Support Local Journalism


While the Wyoming entrances can open Monday, Yellowstone National Park’s three Montana entrances won’t open until June 1 at the earliest, putting pressure on the businesses in those gateway towns that depend on tourists to get by.

“We have such a limited amount of time here to make our businesses work because we’re such a seasonal business area,” said Jill Warren, the president of the board of the Colter Pass, Cooke City and Silver Gate Chamber of Commerce.

The coronavirus pandemic has already hit tourism businesses hard, and towns on the edge of the world’s first national park have not been exempt. The longer the park stays closed, the more the moneymaking window shrinks for businesses in West Yellowstone, Gardiner and Cooke City-Silver Gate.

Cooke City-Silver Gate is at the northeast entrance of Yellowstone, one of the three that will remain closed until at least June 1. The community is in an especially precarious position — though the town is in Montana, all roads that lead to Cooke City-Silver Gate wind into Wyoming, and all who leave the state of Montana are supposed to quarantine for 14 days upon their return.

“We are incredibly unique in that, in order to reach us from either side, you have to go out of state,” said Warren. “What we would really like to see as a business community is to have Montana people be able to visit us ... We would love to see some sort of allowance from the state to let Montanans come here and frequent our businesses so we could at least see some economic activity.”

The town of West Yellowstone sits at the west entrance to the park, normally the busiest of all five entrances. Businesses in West, like in all other gateway towns, depend on the influx of visitors during the summer to get through the slow months during the off season.

“It was a little disappointing that the Montana gateway communities weren’t included in that phase one opening, but we completely understand where the park is coming from,” said West Yellowstone Chamber of Commerce marketing director Wendy Swenson. “We were hoping for a more definitive opening date.”

Swenson said businesses are anticipating opening and are hoping that, while the park remains closed, Montanans will make the journey to West to fish, hike and bike the trails that are now open.

“Part of it for us too is staffing and what we can make available for those visitors, whether it’s the number of hotel rooms or the restaurants being open,” she said. “We’re just looking forward to when we can open.”

Bob Jacklin has owned Jacklin’s Fly Shop in West Yellowstone since 1974. He’s planning to open his shop Friday in anticipation of the fishing season beginning Saturday, but he doesn’t expect the same number of customers as years past until the park entrance reopens.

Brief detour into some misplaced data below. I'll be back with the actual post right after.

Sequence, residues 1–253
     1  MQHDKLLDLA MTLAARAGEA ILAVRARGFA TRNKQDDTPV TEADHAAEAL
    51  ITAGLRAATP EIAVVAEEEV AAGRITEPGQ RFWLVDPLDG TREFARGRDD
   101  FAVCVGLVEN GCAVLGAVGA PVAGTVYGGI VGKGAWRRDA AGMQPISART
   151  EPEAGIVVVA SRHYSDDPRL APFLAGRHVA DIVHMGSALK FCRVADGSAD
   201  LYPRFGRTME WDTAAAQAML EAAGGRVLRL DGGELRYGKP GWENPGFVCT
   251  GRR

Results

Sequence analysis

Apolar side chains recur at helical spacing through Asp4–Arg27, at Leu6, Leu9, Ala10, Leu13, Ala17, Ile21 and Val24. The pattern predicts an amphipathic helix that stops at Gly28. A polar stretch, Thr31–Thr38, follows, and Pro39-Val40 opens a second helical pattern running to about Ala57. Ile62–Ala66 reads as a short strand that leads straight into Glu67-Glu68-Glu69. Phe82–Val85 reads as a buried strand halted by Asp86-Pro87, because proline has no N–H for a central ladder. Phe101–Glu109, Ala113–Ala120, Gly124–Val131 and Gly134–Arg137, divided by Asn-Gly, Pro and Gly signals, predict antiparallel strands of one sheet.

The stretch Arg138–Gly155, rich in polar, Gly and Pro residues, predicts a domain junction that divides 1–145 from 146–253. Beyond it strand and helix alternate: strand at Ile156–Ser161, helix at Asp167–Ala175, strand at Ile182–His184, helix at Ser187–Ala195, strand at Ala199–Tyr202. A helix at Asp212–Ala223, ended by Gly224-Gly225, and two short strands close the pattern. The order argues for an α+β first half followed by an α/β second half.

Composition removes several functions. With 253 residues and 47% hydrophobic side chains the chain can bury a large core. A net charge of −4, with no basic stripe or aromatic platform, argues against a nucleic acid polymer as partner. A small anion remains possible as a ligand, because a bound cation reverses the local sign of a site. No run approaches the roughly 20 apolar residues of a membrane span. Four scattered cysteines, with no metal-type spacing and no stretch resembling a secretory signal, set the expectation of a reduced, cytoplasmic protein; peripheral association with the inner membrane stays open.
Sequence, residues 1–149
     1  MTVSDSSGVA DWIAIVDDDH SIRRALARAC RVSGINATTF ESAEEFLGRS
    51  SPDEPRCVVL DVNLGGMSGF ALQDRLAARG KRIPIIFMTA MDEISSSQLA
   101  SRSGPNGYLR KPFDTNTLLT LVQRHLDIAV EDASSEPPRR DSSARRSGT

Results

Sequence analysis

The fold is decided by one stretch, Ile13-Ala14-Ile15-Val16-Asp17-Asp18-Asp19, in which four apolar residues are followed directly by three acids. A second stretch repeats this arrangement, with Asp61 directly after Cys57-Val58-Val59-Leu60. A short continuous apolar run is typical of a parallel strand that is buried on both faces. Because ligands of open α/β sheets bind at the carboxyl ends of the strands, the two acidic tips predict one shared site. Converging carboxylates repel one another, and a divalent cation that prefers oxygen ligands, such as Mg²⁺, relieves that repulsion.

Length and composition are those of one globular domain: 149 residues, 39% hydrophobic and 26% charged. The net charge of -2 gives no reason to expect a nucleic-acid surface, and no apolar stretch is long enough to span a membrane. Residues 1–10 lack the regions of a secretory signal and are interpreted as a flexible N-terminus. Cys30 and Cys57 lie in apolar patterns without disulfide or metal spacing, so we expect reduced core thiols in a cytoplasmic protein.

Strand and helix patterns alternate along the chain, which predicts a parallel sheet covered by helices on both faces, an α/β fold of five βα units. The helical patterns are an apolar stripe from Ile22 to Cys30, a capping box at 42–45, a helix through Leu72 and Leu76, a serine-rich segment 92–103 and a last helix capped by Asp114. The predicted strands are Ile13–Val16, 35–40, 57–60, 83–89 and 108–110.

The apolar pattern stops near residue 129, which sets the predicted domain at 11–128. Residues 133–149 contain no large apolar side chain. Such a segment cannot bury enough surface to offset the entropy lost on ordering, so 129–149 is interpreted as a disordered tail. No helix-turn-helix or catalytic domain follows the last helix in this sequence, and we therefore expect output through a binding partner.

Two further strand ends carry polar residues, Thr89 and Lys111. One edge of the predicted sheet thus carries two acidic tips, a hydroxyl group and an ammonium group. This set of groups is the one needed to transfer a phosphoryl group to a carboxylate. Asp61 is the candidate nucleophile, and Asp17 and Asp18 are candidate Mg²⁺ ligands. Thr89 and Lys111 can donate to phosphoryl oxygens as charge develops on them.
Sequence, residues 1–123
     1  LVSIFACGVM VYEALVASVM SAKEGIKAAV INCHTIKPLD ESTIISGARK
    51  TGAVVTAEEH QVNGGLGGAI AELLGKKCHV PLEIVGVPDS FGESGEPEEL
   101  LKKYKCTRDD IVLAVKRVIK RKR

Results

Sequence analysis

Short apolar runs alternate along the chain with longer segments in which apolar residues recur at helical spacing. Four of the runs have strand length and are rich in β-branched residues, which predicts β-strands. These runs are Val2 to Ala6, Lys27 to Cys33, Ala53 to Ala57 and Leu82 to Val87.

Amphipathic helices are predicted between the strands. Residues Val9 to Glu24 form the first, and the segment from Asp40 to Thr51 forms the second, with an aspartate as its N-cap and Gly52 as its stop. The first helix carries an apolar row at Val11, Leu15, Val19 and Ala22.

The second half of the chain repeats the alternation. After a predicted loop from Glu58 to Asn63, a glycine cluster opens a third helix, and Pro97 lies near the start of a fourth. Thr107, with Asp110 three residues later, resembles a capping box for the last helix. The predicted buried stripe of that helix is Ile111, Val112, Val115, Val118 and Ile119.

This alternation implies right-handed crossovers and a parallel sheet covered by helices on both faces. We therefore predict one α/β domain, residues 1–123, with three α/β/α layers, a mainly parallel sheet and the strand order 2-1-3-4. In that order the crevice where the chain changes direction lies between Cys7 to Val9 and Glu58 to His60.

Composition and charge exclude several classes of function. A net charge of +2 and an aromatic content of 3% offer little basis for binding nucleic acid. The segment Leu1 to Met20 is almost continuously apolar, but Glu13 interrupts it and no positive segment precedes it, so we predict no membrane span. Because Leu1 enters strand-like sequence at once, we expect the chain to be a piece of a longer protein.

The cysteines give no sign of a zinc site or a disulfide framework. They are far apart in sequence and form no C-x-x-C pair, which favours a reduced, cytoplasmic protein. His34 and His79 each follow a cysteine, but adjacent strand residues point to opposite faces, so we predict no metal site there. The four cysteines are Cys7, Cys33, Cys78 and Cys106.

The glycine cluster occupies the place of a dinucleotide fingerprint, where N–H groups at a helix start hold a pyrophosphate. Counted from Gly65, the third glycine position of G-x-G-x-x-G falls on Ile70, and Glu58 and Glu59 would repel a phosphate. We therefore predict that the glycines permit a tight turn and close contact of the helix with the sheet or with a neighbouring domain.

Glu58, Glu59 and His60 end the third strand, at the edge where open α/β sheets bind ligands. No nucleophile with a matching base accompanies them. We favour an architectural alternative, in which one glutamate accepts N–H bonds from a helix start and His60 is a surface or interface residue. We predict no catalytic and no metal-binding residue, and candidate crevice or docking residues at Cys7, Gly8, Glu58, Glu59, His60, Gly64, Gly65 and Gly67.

“The park is the main thing for us in West Yellowstone,” Jacklin said. “Once that closes, everybody shuts down. Once that opens, we’re open.”

Jacklin said fishermen will likely still come through town and frequent his shop even with the park being closed, and he’s ready with disinfectant, face masks and social distancing rules for when they do come.

“Some of these fishermen are really interested in fishing,” he said. “They’re going to come.”

Fishing trips through Jacklin’s might look different this summer than in years past to help keep both his customers and his guides safe. All the reservations for trips in June have been canceled, but he said his shop is seeing some reservations for July.

“We’re probably going to suggest people take their own vehicles,” he said. “If they’re going to float, (boats) have to be cleaned and sterilized and the guy running the boat, make sure he’s in good shape.”

The town of Gardiner sits at the north entrance to the park. Terese Petcoff, executive director of the Gardiner Chamber of Commerce, said the uncertainty of an opening date is a major source of anxiety for the businesses in that community.

“When Montana does open to out-of-state travelers and the Montana gates to Yellowstone reopen, it needs to be done safely,” Petcoff said. “But with everything being so unknown, it’s so hard to advertise and to market your business.”

Petcoff said that some business in Gardiner may be facing bankruptcy and other financial hardships because of the “unprecedented” loss of business, but that the chamber is hoping to help any businesses in that position.

“Yellowstone being closed, simply put, is going to hurt businesses and is hurting businesses,” she said.

Support Local Journalism

To see what else is happening in Gallatin County subscribe to the online paper.

Melissa Loveridge can be reached at or at (406) 582-2651.

Support quality local journalism. Become a subscriber.

Subscribers get full, survey-free access to the Bozeman Daily Chronicle's award-winning coverage both on our website and in our e-edition, a digital replica of the print edition.